Might as well chime in on the implications of the Wells trade since it's pretty much the obviously thing to do in the wake of such a major shift the makeup of the team. You have to start by saying up-front that there are WAY too many variables to be firm in any projection. The most you can do is look at the potential outcomes. So what follows is by nature highly speculative, but I'd still like to consolidate what I feel like are at least the higher-probability scenarios.
I want to approach this by position, so that we can dismiss those with the most certainty about them.
Second Base - Aaron Hill. Whatever might have been considered about his shifting to 3B, whenever Alex discusses 3B he always implies that the fall-back position if no one is added there is Bautista.
Shortstop - Yunel Escobar. No real discussion needed.
Center Field - Raji Davis. Short of another acquisition, no one else is a reasonable candidate.
Left Field - Travis Snider. There is one possible variation here - if Bautista plays 3B and no other outfielder is acquired, the assumption is that Rivera will play RF and Snider left, but it's not entirely impossible that would be reversed.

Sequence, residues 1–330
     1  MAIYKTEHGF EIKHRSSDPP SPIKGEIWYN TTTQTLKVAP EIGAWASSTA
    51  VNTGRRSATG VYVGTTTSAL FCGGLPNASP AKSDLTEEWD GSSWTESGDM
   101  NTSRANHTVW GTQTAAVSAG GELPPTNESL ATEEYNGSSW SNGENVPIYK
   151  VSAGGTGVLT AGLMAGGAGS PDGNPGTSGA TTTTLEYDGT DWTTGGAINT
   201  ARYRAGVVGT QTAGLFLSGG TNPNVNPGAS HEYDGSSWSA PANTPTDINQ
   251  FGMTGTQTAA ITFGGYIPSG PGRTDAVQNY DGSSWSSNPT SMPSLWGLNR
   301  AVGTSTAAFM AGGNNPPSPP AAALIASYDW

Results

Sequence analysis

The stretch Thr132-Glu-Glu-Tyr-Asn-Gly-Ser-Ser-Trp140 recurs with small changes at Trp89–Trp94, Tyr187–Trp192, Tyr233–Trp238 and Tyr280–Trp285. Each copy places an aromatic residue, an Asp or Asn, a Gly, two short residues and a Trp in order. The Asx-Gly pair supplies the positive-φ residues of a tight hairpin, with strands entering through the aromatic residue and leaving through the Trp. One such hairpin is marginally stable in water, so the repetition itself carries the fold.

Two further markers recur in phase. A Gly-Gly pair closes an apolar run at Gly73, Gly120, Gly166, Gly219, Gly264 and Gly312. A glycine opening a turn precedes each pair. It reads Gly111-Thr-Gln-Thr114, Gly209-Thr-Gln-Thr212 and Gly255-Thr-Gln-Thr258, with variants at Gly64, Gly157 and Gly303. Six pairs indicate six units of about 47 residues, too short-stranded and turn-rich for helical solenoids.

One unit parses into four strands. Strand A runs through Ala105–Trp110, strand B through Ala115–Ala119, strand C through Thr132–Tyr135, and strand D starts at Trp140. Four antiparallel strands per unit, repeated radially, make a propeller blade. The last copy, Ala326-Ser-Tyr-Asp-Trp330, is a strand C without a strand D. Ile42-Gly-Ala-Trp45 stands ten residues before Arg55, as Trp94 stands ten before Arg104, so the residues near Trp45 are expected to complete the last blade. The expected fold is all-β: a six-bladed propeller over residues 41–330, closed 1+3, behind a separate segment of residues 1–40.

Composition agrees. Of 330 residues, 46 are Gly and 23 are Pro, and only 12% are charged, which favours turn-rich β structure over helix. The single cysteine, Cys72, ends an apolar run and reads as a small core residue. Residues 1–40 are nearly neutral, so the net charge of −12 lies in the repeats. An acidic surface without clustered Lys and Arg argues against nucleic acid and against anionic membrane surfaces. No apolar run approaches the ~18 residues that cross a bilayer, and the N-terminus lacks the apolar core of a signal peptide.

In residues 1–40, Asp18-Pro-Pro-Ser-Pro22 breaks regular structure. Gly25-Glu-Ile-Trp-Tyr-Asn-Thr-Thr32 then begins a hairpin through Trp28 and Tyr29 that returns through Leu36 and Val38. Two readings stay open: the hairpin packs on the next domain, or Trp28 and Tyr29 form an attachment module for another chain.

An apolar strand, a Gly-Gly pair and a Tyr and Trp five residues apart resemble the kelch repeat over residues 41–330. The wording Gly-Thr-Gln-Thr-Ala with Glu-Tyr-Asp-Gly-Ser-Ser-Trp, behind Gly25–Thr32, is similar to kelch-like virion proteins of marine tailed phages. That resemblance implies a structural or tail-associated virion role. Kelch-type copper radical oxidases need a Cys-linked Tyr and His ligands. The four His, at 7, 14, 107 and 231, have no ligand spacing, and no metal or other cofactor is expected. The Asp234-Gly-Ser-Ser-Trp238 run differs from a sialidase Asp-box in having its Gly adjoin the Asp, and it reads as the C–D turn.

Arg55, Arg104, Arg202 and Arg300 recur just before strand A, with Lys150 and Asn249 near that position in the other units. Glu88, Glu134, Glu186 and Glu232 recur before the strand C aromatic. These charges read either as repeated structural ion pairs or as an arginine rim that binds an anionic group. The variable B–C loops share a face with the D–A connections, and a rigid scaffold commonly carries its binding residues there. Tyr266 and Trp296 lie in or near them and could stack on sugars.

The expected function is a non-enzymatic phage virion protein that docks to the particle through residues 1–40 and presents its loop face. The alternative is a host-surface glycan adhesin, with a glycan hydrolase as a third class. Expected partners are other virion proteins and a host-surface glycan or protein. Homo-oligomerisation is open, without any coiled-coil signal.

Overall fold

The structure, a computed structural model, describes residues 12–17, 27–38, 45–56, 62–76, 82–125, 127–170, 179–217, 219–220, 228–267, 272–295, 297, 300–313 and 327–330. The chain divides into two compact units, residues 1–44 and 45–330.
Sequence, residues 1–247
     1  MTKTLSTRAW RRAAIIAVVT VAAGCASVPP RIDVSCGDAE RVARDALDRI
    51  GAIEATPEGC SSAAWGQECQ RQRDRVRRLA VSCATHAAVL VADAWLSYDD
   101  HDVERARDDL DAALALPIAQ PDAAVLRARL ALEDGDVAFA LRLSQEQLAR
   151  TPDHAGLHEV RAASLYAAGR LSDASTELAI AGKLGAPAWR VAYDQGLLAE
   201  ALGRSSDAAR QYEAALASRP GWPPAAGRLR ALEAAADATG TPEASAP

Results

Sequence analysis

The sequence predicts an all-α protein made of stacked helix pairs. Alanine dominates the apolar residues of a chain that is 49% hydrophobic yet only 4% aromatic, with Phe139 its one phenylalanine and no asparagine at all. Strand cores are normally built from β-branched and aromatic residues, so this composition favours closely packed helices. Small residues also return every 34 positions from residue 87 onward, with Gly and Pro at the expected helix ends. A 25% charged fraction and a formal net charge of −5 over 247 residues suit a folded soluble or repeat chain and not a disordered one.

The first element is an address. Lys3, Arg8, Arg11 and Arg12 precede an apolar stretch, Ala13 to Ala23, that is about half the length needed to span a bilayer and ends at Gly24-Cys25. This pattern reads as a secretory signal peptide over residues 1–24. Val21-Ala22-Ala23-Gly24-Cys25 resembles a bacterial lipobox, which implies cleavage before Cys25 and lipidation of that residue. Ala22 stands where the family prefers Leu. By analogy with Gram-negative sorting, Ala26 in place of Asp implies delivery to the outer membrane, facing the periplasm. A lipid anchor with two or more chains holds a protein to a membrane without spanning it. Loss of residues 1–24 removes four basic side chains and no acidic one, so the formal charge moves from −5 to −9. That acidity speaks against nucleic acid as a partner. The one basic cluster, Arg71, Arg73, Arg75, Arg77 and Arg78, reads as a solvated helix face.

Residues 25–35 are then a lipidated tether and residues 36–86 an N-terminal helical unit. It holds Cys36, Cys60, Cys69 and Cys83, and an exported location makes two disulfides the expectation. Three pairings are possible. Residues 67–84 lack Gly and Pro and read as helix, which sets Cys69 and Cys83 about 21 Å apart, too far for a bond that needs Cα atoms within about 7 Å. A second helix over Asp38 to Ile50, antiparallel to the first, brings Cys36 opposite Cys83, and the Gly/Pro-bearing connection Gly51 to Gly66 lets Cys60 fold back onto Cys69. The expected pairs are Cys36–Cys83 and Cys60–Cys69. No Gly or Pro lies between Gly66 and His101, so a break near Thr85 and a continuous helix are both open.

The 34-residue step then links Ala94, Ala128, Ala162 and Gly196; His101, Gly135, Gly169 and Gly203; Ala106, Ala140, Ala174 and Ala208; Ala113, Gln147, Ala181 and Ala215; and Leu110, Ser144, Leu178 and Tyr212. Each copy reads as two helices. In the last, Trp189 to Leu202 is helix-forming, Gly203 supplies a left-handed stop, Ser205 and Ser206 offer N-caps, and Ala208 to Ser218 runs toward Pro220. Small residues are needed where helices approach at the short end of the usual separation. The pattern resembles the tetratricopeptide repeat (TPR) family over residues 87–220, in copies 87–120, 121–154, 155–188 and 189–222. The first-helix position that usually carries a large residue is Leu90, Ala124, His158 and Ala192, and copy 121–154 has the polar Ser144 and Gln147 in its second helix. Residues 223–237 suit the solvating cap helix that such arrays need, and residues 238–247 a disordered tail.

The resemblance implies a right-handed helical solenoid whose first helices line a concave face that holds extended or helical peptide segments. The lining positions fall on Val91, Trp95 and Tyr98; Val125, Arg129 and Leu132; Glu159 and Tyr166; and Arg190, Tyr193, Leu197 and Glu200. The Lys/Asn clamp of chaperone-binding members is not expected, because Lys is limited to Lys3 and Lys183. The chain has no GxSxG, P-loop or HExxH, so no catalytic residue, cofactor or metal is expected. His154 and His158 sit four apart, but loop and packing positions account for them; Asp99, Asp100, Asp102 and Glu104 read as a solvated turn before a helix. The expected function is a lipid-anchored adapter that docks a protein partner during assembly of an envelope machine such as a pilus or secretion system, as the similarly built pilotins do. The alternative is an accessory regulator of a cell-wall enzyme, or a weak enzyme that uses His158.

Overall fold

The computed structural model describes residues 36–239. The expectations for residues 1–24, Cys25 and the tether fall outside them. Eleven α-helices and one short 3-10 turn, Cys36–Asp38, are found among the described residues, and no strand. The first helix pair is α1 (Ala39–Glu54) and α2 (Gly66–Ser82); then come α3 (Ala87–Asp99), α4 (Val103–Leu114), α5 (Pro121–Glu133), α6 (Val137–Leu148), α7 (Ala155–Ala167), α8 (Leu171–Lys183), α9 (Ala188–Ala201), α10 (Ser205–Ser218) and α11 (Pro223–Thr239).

Right Field - if the Jays acquire a 3B, this wil be Bautista and both the player and the team would prefer that. I really think they will. If, however, they don't make an acquisition then Bautista will be at 3B and Rivera would be a starter in the OF, presumable in RF.
Third Base - I still think the Jays are in play on Chavez, though whether or not they will see fit to outbid the Dodgers remains to be seen. There's also Felipe Lopez and some other marginal guys out there. Barring that, or a trade, Bautista is the presumptive 3B with the caveat that there's a non-zero chance that Brett Lawrie will be so impressive in the spring that they will chance skipping him to the majors from day one. As much as I love the kid, you can't rationally project the cautious (with prospects) Jays will do that.